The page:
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Tenedos (Bozcaada)

Tenedos (Greek Τéνεδος): island opposite the coast of ancient Troy, modern Bozcaada.

Besik Bay; Tenedos in the distance
Besik Bay; Tenedos in the distance
The island of Tenedos is situated near Troy and controls the southwestern entrance of the Hellespont, from which it is about 20 kilometer away. It must have been more common for ships to wait on the beach of the little island until favorable winds allowed them to enter the Hellespont. That the site was well-suited for anchoring, is presumed in ancient legends, which tell that the Greeks went into hiding at Tenedos after leaving behind the Trojan horse.

Tenedos (right) beyond Cape Sigeion.
Tenedos (right) beyond Cape Sigeion.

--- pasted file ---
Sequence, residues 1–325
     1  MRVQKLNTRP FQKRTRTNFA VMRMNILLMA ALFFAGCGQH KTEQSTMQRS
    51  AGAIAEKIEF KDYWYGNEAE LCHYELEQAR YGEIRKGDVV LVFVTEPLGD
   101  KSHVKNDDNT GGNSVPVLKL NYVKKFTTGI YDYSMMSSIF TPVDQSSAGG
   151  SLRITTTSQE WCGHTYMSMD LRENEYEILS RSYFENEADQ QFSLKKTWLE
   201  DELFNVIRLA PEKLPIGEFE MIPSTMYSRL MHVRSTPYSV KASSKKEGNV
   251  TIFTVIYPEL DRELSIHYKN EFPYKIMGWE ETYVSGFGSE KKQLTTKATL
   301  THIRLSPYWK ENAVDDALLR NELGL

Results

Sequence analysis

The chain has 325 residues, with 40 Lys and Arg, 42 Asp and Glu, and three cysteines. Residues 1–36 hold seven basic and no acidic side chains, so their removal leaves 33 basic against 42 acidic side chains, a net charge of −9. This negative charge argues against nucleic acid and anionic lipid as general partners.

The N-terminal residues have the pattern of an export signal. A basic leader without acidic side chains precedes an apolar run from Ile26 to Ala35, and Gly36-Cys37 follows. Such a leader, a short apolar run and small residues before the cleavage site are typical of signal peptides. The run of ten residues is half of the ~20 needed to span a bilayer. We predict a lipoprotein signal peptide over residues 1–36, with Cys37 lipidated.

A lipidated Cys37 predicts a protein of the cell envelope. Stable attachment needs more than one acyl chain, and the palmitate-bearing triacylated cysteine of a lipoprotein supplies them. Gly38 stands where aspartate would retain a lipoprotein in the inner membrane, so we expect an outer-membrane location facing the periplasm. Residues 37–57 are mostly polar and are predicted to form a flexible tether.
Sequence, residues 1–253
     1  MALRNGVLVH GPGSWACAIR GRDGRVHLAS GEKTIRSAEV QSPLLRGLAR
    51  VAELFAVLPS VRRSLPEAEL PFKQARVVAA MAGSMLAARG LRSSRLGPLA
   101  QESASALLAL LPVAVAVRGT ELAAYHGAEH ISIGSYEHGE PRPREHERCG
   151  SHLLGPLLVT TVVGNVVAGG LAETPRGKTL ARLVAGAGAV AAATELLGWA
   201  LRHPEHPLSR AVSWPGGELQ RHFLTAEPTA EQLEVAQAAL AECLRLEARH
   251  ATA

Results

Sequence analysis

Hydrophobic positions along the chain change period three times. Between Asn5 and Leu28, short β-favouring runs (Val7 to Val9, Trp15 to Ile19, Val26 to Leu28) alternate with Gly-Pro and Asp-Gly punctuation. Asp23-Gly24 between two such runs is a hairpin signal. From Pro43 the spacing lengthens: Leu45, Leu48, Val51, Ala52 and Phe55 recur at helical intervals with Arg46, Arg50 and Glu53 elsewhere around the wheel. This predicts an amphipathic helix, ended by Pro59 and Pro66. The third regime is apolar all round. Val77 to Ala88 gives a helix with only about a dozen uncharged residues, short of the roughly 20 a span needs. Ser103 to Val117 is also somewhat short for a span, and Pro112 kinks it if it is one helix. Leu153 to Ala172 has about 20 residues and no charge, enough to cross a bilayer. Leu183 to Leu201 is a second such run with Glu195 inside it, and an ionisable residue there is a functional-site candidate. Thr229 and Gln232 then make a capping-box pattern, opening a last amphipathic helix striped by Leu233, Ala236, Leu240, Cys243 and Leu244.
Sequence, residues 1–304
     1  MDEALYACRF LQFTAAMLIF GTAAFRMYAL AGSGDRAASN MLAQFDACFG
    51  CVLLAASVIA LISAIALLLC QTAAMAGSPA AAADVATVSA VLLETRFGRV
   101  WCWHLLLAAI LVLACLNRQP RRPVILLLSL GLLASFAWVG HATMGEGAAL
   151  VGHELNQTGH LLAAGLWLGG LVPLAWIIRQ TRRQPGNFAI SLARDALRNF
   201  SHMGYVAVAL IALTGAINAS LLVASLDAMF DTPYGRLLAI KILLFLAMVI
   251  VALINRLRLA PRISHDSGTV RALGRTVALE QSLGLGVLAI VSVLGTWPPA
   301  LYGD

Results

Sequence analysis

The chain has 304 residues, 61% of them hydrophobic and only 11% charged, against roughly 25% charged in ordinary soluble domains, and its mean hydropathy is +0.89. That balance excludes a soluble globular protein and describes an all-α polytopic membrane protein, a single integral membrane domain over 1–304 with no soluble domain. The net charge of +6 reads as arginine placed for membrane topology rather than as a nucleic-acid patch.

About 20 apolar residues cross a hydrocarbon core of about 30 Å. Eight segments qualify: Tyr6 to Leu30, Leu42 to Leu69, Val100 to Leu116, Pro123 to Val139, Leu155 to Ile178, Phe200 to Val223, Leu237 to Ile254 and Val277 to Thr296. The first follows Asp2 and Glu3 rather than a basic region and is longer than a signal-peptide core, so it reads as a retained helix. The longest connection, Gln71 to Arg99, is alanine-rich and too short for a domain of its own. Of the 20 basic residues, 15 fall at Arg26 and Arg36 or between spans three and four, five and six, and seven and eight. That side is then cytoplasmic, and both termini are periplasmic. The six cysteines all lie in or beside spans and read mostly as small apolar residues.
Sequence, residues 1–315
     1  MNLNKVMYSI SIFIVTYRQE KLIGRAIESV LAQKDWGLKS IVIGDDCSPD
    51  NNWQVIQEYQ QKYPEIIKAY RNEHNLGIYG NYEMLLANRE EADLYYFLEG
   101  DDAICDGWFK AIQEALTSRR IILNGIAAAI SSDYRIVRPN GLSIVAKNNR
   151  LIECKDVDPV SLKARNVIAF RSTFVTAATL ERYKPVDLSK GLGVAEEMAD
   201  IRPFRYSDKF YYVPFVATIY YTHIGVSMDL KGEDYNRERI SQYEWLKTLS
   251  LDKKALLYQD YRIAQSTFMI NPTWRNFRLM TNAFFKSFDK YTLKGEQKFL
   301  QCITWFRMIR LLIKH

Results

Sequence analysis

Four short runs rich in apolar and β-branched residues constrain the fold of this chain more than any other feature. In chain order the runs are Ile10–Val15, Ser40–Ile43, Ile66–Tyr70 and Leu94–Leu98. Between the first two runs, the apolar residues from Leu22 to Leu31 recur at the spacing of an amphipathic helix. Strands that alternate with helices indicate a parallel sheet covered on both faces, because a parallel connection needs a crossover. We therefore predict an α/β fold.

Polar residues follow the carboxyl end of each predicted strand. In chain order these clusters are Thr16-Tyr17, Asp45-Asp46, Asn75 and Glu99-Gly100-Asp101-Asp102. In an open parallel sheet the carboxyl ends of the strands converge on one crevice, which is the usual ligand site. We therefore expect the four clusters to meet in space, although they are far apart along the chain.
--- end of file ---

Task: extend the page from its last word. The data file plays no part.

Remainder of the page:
The city of Tenedos is on the site of modern Bozcaada and had two harbors; from the sixth century BCE onward, it owned land on the opposite shore as well, which is only five kilometers away. The people spoke an Aeolian dialect resembling that of Lesbos, from which Tenedos was settled. Diodorus of Sicily attributes the foundation of the city to a man named Tenes, who came from Colone.note

Tenedos, archaising bust of Hermes
Tenedos, archaising bust of Hermes
It was occupied by the Athenian commander Miltiades at the turn of the sixth/fifth century, conquered by the Persians after the Ionian Revolt, became a member of the Delian League, and was sacked by the Spartans during the Corinthian War (in 389 BCE). During Alexander's war against the Persian Empire, the Persian commander Pharnabazus occupied Tenedos an threatened the Alexander's line of communication; however, Pharnabazus was recalled.

Tenedos lost its independence and was added to Alexandria in Troas,note probably by Antigonus Monophthalmus in 306 BCE.

The Roman politician Cicero tells that the city had to pay heavily to the notorious senator Verres.note

This page was created in 2004; last modified on 23 July 2014.